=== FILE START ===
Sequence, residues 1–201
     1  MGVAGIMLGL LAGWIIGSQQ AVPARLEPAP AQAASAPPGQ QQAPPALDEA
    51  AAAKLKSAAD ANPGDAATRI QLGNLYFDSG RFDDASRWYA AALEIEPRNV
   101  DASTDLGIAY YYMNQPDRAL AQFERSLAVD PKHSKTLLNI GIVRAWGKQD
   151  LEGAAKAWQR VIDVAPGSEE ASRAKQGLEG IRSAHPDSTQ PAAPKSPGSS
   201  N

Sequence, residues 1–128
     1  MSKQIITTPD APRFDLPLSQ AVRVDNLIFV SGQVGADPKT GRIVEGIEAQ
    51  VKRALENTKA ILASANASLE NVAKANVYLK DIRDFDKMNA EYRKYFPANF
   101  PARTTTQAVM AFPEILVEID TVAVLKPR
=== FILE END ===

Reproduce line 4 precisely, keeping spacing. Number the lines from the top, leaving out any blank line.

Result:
   101  DASTDLGIAY YYMNQPDRAL AQFERSLAVD PKHSKTLLNI GIVRAWGKQD